EPL: Watching soccer could be good for your health – CNN
(CNN) With every painstaking second that ticks by you get that bit closer to the edge of your seat. This could be it, this could be the week your beloved soccer team wins that all-important three points.
Your nerves are jangling, palms are sweating and nothing in the world can distract you from watching the action as the referee starts lifting the whistle to his lips. All of a sudden, the whistle sounds, and the game is over. You leap into the air celebrating the win like some feral animal, confused by those who don’t get this invested into 22 people kicking a ball around a field. Watching soccer is special, there’s simply nothing quite like it. But now, thanks to new research led by the University of Leeds, it gets even better. The recent study, due to be released soon, suggests watching your beloved soccer team romp home to victory has a positive impact on your health, with spectators experiencing physical stresses equivalent to going for a brisk 90-minute walk. Read More Results also found that a win lifts a spectators mood for a whole 24 hours after the game has finished. “Ultimately supporting your team at a football match gives you a moderate cardiovascular workout and depending on the result of the match, a psychological boost or slump,” said Dr. Andrea Utley, the sports scientist who led the study in conjunction with BetVictor. A new study reveals football could be good for your health. ‘Good stress’ The experiment monitored 25 Leeds United fans, aged between 20 and 62, throughout three key games during the Championship last season. One game was watched in a controlled environment while the other two were watched live in the stadium during the team’s chaotic playoff finals, with promotion to the English Premier League at stake. Researchers analyzed the participants’ heart rates before the game, at halftime and after the match had finished — noticing that on average heart rates increased by 17 percent. “There is good stress and there is bad stress and there’s a level of arousal which is actually good for you and the level of arousal that takes you over the edge,” Utley told CNN Sport. “Although people think watching football takes you over the edge, it doesn’t. We found it just kept people at a good level of arousal.” Heart rates particularly peaked around goal scoring opportunities, with rates increasing 27 percent after a Leeds United goal and 22 percent after an opposition goal. Ultimately, the more the game matters, the bigger the reactions are. JUST WATCHED COPA90: Wilfried Zaha on Croydon and Palace Replay More Videos … MUST WATCH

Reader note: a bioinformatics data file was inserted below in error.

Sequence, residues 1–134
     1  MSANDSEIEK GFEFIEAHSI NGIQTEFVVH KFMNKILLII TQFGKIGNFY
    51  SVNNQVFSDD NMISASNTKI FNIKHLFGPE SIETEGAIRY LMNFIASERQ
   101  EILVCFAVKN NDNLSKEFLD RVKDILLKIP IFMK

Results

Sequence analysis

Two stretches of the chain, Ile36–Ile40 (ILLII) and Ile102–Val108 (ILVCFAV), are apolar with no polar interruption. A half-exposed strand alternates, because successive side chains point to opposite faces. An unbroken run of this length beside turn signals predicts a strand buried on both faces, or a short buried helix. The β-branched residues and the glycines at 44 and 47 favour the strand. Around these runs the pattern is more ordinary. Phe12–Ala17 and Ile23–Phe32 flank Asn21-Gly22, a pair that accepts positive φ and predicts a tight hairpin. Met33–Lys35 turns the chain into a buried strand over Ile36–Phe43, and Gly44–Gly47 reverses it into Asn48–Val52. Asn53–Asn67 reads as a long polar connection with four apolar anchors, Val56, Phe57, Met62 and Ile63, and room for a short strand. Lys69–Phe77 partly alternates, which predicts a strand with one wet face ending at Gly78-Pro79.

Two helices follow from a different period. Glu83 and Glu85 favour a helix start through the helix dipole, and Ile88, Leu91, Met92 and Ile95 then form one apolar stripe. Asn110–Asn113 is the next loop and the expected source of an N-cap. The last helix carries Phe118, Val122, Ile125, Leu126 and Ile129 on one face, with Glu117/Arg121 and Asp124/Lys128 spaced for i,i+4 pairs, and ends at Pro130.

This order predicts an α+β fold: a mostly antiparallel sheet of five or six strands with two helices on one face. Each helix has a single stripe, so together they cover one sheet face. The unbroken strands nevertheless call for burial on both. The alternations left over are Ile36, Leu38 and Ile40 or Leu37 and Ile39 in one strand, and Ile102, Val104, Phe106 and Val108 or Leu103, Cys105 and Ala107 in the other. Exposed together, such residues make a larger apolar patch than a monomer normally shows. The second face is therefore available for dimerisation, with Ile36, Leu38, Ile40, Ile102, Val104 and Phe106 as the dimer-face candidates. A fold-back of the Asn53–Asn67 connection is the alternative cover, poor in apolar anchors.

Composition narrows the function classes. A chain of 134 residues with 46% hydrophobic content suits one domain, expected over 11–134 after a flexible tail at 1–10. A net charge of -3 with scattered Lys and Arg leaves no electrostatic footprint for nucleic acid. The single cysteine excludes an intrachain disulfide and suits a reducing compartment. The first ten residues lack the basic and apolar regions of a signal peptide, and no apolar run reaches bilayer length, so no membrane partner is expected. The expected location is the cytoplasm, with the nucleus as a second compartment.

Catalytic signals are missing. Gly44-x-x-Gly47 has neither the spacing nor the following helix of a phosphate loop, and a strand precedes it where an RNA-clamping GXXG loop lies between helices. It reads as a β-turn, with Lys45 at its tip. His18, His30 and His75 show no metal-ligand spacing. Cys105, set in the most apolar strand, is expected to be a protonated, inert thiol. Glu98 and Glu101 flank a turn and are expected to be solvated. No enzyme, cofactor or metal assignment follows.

COPA90: Wilfried Zaha on Croydon and Palace 02:52 Long term benefits If this wasn’t good news enough, the research also indicates that watching soccer can have long term benefits. Even though blood pressure increased during the game, findings revealed that, as a whole, fans had a lower blood pressure long after the match had finished. “There is this belief that you are in agony watching the game,” added Utley. “The reality is that it’s not actually true. I think we quite enjoy this, we enjoy being passionate.” However, this was not the case after watching a loss, with blood pressure continuing to rise long after the final whistle. Findings reveal that a defeat can have a “severe” impact on fans’ mental health. ‘Severe slump’ The study also noticed how people’s mood is hugely affected by the outcome of the match. Participants filled out a short mood survey before and after each game which revealed just how hard a loss can hit supporters. When their team wins, fans experience “an absolute high” with the euphoria lasting a day. However, when their team loses, the slump can “actually be quite severe.” One of the participants said losing a match felt like a “low hum”. “That disappointment of Friday meant that the first thing I thought of when I woke up on Saturday morning was, ‘I don’t believe we lost that game,'” they said in a focus group after the game. “That sort of sets the mood for the rest of that morning until you can pull yourself out of it.” Another participant said the loss felt like “a friend has died.”